After a lovely walk around the cemetery we asked Robert to join us for lunch at the Pemberton Coffeehouse back in Salisbury. Over lunch, Robert gave us some information on his family’s connection with the cemetery and the surrounding farmlands, and told us why he had decided to become caretaker, One Father’s Day he had gone to visit the grave of his father and found the whole cemetery in terrible shape, with vines so thick they even covered some of the tombstones. He decided then and there he would fix it all up — and we are so glad he did.

Robert also gave us a tremendous hint about the Hearn Catlin Cemetery we had failed to find that morning. It seems a friend of his (Hearn by name!) had discovered a small cemetery across from his house (which house had been in his family for many years). It was in the general area that we had been looking for the Hearn-Catlin Cemetery, and we think it must be the one we failed to find. Unfortunately we ran out of time (and energy) to try to visit again but Robert gave us Mr. Hearn’s telephone number and we may try to contact him later. What serendipity.

Day Three: Memories Are Made of This

  • Wicomico River
  • Tyaskin
  • The old Nanticoke Road
  • Rockawalkin Church

Surrounded by all these names and places from my father’s childhood, and mine, can’t help but bring back memories.

  • Breakfasts down “on the farm” with so much food served, lunch was never a thought
  • Marathon card games (My aunts and uncles played a game called 500 – kind of a cross between Bridge and Canasta)
  • Song fests around the upright piano
  • Cutthroat games of croquet on the edge of a 10-foot-high corn field.

Our pilgrimage this morning brought us first to the old Rockawalkin Church (founded in 1839). My dad’s church (we think) and the site of Uncle Verner (we know) 80th birthday party.

The Rockawalkin Church Cookbook is one of our prized possessions, containing recipes (Mary Humphrey’s sweet potato pie and Aunt Mary’s crab cakes) contributed by several great-aunts and cousins.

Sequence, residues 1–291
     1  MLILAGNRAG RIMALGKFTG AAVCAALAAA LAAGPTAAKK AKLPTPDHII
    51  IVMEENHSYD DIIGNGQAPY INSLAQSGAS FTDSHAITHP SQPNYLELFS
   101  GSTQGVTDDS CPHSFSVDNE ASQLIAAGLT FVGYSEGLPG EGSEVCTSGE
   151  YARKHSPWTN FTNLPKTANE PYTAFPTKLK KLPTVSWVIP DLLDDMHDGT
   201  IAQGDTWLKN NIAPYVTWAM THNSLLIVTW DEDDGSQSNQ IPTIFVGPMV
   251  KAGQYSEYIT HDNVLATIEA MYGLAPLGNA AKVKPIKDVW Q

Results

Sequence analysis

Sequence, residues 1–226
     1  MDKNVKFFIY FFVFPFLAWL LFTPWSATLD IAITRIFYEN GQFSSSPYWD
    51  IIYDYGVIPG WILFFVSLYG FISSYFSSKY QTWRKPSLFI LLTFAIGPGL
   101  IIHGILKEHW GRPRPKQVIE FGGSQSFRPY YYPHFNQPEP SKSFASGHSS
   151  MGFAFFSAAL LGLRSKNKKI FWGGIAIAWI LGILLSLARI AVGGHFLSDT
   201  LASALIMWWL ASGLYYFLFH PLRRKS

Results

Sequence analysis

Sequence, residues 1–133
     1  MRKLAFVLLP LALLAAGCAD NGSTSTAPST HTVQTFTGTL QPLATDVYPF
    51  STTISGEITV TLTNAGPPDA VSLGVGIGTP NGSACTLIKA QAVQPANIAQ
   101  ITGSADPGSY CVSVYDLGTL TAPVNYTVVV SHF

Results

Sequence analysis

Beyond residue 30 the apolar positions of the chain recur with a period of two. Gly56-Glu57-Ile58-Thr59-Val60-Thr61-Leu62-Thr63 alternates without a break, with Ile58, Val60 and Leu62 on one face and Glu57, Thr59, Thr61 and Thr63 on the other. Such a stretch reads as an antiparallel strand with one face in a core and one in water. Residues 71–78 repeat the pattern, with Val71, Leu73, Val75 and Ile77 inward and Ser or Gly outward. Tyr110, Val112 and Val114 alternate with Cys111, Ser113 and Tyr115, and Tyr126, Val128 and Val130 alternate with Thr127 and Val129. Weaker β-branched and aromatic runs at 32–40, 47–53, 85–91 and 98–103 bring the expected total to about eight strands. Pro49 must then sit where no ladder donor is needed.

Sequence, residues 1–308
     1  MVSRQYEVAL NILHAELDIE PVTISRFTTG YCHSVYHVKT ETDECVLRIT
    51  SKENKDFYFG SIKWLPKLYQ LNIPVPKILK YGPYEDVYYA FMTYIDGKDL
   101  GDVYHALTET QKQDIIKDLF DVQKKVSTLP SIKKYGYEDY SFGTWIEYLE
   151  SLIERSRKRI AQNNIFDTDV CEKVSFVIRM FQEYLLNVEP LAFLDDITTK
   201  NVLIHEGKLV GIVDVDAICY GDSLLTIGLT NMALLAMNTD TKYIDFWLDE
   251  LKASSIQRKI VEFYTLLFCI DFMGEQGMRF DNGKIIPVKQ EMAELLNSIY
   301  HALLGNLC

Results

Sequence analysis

Our second stop this day was at the graveyard surrounding St. Mary’s Episcopal Church in Tyaskin.

This modest churchyard is home to several members of the Hughes Family.

Caleb and Charlotte Hughes, our great great great grandparents. Caleb died in 1869 and Charlotte (Venables), his wife, died one year before he did, at Christmastime. How sad.

Also buried in the St. Mary’s Churchyard are Capt Jesse and Sarah Hughes, our great great great great grandparents. Sarah died in 1810, at 36. Capt Jesse died in 1838 at the incredible (for that era) age of 71.

The St. Mary’s Churchyard is small and surrounds the church on three sides. It is a lovely place and well cared for.

Note: There is a discrepancy in Capt Jesse’s birth dates. His gravestone records his birthday as January 29, 1767. The Maryland Births and Deaths Index lists his birthday as February 28, 1768.

Day Two: The Nabb Center

The Edward H. Nabb Research Center for Delmarva History and Culture at Salisbury University is a major resource library for the history and genealogy of the Eastern Shore. It is a beautifully appointed, state-of-the-art research center as well. Susan and I arrrived around 10:30 a.m. on Tuesday, ready to learn things.nabb-all-3.jpg

Note: They take security seriously. No bags of any sort (even pocket books) allowed. There are lockers with combination locks available for all banned items. Also – no pens allowed. But there are nice red Nabb Center pencils available for free. You must sign in and out, and if you want internet access you need to supply a photo ID.

All this sounds rather formidable, but totally understandable given the wealth of information and knowledge you have free access to once inside. The staff is very friendly and eager to help — and incredibly expert at finding things.

We thought we had a clear idea of what to look at, but soon learned that we had been far too ambitious. And it is so easy to become overwhelmed. Hint: When the staff says “this particuliar resource is handwritten, dense, and hard to read,” you should listen.

We did have several successes:

  • Tracing the ownership of the farmland surrounding the Robertson Cemetery back to the early 1800s. We found deeds back to 1895 and now have a plan for looking even further back.

Note: A very big thank you to the research assistant there whose willingness to help and broad expertise was key to these successes.

  • We found a book on the Hughes Family – which will help us with verifying and identifying folks on our grandmother, Mattie White Hughes’, side.

We are thinking of going back but tomorrow has been designated “cemetery grand tour” day.

Day One: Our First Cemetery